Former Vice President Al GoreAlbert (Al) Arnold GoreAl Gore warns: UN climate change report shows 'we have a global emergency' Political tribalism started in the 1990s, says NBC News political reporter Mellman: Why Kavanaugh should withdraw MORE says the U.S. should scrap the Electoral College and determine presidential elections by the popular vote.

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Gore said even he continued to support the Electoral College after 2000, when as the Democratic presidential nominee he won the popular vote in the presidential election but lost the Electoral College vote to George W. Bush.

"I have changed my view on that. I do think that it should be eliminated," Gore said Tuesday, according to NBC News.

"I think moving to a popular vote system is not without peril, is not without problems, it's not a simple one choice is all good, the other is all bad. It's a balancing act. But I think the balance has shifted, in my mind at least, and I think that we should go to a popular vote."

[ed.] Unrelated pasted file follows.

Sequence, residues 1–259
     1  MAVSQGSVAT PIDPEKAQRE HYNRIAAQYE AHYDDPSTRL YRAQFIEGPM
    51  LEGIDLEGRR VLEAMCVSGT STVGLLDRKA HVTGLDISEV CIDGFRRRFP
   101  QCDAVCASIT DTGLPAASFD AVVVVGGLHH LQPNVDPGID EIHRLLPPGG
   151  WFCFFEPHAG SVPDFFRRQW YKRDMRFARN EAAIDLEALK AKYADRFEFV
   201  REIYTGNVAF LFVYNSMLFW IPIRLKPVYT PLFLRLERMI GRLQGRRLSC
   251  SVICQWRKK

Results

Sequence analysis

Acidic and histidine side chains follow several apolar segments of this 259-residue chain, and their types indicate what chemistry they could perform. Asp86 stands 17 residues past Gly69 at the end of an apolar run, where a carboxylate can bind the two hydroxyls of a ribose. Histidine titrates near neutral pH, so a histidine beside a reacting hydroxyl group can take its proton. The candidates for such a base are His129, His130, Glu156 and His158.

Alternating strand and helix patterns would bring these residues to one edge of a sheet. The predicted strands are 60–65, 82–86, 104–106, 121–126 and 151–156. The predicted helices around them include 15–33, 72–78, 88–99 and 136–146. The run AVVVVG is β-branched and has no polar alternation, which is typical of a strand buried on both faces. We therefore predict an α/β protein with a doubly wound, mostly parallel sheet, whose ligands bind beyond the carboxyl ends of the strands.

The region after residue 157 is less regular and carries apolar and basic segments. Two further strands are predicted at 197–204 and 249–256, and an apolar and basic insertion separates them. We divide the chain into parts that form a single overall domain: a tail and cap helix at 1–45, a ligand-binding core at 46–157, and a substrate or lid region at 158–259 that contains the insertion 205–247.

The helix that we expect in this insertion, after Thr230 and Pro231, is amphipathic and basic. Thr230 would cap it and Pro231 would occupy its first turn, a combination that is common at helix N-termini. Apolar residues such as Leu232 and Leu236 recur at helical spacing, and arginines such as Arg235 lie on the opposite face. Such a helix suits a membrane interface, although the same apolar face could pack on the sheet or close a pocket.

Gore said changing the system to one based on the popular vote would "stimulate public participation in the democratic process like nothing else we could possibly do."

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"Our democracy's been hacked now. It's pathetic how our system is not working today," Gore said.

"And I think that moving to a popular vote for president would be one of the initiatives, getting money out of the process, which is another difficult challenge, but if we could do three or four things that could bring our democracy back to life and help us to make good decisions again."

In 2012, Gore made similar comments about his views on the Electoral College, saying that many voters who live outside the battleground states are cheated by the system.